While the use of psychedelics appears to be steadily growing, this doesn’t necessarily mean that people have an appetite for them in a clinical or therapeutic setting. When it comes to how accepting people were to different approaches of treating mental illness, 70% would take part in “talking therapies”, like Cognitive Behavioural Therapy (CBT), but only 40% would accept drugs — pharmaceutical or psychedelic — as part of any clinical therapy program. Among that 40%, of those who would accept any psychedelics, the substances of choice were, in order of preference: low doses of LSD or psilocybin, followed by high doses of LSD or psilocybin, then MDMA. Ketamine and ayahuasca were rated as the “least acceptable”.
Prof. Winstock thinks that there are many complex issues in play here. In the medical community, he’s seeing a generational change. He thinks that young doctors and psychiatrists, who haven’t been as exposed to stigmas around “bad trips” and other cultural associations of psychedelics as their older peers have, seem more accepting to new research that appear to challenge those stigmas. Recent imaging studies of what different psychedelic drugs do to the brain have proved key in this. “Unless you can explain on a neurological level how these drugs are working, how it makes any anecdotal benefits seem biologically plausible, it makes it very difficult to integrate them into your view of mental health [as a medical professional],” he says.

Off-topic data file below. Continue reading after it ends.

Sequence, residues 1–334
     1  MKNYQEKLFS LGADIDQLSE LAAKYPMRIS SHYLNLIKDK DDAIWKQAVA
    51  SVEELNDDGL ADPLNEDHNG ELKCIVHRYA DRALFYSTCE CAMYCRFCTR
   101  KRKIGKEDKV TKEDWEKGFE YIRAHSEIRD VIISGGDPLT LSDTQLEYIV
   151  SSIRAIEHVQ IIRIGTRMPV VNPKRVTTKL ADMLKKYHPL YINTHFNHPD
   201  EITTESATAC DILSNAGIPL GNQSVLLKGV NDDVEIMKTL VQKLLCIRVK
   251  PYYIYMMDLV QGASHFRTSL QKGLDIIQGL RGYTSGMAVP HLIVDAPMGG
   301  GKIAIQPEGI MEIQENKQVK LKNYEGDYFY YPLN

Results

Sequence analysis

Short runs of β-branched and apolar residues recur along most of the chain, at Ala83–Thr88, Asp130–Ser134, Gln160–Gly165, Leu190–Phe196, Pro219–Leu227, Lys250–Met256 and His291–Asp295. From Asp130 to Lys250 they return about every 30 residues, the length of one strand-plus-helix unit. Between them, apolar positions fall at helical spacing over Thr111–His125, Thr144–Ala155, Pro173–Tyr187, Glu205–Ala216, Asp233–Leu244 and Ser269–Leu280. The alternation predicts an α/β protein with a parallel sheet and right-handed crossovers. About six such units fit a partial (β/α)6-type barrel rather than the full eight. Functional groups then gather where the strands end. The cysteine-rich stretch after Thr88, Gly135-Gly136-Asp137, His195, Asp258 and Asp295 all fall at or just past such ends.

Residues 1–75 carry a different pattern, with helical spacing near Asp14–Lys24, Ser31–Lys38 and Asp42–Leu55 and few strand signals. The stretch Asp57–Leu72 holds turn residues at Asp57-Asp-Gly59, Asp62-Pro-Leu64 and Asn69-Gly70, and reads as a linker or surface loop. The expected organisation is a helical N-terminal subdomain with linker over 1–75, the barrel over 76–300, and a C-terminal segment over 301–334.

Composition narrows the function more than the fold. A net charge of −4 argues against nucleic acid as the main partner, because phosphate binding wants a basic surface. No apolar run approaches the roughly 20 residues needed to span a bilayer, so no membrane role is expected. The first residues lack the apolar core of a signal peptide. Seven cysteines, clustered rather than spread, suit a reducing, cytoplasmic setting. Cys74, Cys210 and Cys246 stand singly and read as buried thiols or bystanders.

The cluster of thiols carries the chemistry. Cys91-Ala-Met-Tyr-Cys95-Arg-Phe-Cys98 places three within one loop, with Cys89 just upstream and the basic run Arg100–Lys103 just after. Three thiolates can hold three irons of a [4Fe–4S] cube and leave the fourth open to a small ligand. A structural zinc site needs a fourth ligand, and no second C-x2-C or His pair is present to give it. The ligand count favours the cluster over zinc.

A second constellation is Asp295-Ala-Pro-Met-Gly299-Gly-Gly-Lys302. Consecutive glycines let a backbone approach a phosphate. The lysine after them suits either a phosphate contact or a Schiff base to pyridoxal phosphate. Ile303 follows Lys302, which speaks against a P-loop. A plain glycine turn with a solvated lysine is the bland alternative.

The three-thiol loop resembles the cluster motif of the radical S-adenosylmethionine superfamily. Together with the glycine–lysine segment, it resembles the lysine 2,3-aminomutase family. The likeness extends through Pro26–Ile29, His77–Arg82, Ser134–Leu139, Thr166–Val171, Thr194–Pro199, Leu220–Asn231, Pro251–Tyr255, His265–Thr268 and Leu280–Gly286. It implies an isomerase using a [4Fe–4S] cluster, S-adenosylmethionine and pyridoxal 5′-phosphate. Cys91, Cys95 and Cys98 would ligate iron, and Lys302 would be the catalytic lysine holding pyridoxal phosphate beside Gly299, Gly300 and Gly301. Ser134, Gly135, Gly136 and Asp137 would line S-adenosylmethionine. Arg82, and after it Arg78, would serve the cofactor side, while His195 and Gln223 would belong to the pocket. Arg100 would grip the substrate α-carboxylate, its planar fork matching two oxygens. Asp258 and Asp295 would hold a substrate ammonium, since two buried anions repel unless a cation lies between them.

With these studies, “the data is not just consistent with patients’ experiences, it’s consistent with people’s recreational experiences of taking psychedelics. People have breakdowns in rigid patterns of thought [which] allow parts of their brain that don’t normally communicate to communicate.” When it comes to mental illness, Prof. Winstock sees psychedelics as potentially providing a new kind of clinical treatment for those who have found little longterm success elsewhere. “For the last 30 years there’s been no innovation in the medications we use,” he says, “whether they’re antidepressants, antipsychotics or sedatives, they’re all basically the same and nothing really very much has changed. So, there is a gap in the market.”